Inverness were last at Kelty Hearts in July 2022 when they won 1-0 in the League Cup group stages. Image: Steve Brown/DC Thomson
Inverness were last at Kelty Hearts in July 2022 when they won 1-0 in the League Cup group stages. Image: Steve Brown/DC Thomson

Caley Thistle have announced they are relocating their training base to Fife after striking a deal with League One rivals Kelty Hearts.

The Inverness club, fresh from being relegated from the Championship on Saturday, have held a series of boardroom talks regarding the future direction of the club.

Much of fans’ fury has been focused on manager Duncan Ferguson and at the board but the changes revealed go far deeper – with recruitment of players judged to be easier away from the Highland capital.

It’s understood Ferguson and assistant Gary Bollan will be charged with the task of leading the club in thier bid to get back to the Championship at the first time of asking.

Supporters have been pressing for news from ICT since Monday’s announcement from chairman Ross Morrison that they’re remaining full-time.

Big shift to Fife starts next month

The club said they are making the move due to the high costs involved with being based in Inverness.

They also believe they will be able to attract better players if the club’s training base is in the Central Belt.

It said: “As one major part of our planned strategic restructure of the club, ICTFC are delighted to announce an innovative agreement with League One side Kelty Hearts which will see the club move our training base to the Fife club’s New Central Park Stadium.

“This creative partnership will mean that we will hire their excellent facilities which include a 3G pitch, onsite grass pitches and offices for our coaching staff, as our training base during the week starting from this coming pre-season in June.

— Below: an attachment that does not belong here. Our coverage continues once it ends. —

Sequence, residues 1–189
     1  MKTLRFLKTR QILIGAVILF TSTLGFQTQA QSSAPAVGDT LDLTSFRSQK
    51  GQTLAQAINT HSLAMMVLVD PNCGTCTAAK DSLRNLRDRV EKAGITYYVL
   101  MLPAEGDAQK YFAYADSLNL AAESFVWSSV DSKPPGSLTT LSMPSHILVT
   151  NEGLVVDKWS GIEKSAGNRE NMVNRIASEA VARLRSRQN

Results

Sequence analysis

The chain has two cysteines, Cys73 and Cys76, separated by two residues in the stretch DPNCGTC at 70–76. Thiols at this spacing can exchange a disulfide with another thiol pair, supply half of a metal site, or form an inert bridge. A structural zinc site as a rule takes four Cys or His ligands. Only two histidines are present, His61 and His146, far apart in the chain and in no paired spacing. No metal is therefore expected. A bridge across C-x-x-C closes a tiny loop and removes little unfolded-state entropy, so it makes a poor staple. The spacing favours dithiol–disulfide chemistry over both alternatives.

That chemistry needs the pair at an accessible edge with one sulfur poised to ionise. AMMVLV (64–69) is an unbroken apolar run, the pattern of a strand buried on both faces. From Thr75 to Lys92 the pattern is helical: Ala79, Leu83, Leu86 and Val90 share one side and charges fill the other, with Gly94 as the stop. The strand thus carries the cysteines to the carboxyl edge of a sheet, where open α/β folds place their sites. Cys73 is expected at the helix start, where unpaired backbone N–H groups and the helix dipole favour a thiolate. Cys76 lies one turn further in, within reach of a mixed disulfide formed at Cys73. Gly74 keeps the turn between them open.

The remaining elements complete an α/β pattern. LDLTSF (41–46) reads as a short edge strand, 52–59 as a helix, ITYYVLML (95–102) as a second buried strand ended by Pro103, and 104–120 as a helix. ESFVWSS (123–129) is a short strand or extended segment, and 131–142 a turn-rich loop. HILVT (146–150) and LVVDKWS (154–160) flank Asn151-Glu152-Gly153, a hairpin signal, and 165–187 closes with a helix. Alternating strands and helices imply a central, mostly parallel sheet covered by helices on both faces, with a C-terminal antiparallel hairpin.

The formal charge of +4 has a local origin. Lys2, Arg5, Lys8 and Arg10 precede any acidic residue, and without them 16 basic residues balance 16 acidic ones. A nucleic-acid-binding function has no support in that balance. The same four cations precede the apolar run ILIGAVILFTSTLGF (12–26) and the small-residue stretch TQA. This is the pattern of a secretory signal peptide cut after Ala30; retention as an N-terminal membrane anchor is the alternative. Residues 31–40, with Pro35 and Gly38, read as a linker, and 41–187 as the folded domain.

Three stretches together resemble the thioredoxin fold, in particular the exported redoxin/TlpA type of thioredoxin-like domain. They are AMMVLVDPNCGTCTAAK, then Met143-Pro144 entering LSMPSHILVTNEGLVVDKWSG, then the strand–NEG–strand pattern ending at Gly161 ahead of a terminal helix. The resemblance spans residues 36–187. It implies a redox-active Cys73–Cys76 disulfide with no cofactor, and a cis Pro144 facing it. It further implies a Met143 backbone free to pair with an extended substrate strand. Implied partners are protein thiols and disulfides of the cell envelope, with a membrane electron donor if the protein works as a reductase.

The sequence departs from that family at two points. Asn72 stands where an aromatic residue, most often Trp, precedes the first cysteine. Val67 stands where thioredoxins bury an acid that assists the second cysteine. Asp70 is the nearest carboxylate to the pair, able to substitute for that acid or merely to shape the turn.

“The last few years have seen the geographic challenges in getting players to move to the Highlands become ever harder for a number of reasons.

“Caledonian Stadium will always be our home, but other factors in Scottish football have changed and where we train should not be an impediment to the quality of the players we can attract to Caley Thistle, or to our potential to progress.

The Caledonian Stadium, Inverness.
Tthe Caledonian Stadium. Image: SNS

“The commercial success of the city of Inverness – which will always be our home – both as a tourist destination and a place to live, has led to very high prices for the accommodation we require to house players.

“In addition to these high costs, which our competitors do not carry, the extremely limited housing stock in Inverness continues to be both a challenge and a huge factor working against us.

“Increased playing budgets in and around the Central Belt has meant that on many occasions, even when we have offered players more favourable terms than our competitors, sometimes even agreed deals, we have then been told that the player has changed his mind due to challenges relocating their families.